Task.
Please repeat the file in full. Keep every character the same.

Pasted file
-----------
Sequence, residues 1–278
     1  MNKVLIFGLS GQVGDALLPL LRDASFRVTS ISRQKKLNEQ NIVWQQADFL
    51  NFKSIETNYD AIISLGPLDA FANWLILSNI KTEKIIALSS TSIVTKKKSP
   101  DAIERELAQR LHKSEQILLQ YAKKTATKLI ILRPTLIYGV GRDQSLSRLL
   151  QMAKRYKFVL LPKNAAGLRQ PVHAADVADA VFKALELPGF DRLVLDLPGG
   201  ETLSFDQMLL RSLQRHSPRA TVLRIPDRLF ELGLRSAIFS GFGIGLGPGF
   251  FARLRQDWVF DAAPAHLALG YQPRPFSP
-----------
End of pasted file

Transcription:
Sequence, residues 1–278
     1  MNKVLIFGLS GQVGDALLPL LRDASFRVTS ISRQKKLNEQ NIVWQQADFL
    51  NFKSIETNYD AIISLGPLDA FANWLILSNI KTEKIIALSS TSIVTKKKSP
   101  DAIERELAQR LHKSEQILLQ YAKKTATKLI ILRPTLIYGV GRDQSLSRLL
   151  QMAKRYKFVL LPKNAAGLRQ PVHAADVADA VFKALELPGF DRLVLDLPGG
   201  ETLSFDQMLL RSLQRHSPRA TVLRIPDRLF ELGLRSAIFS GFGIGLGPGF
   251  FARLRQDWVF DAAPAHLALG YQPRPFSP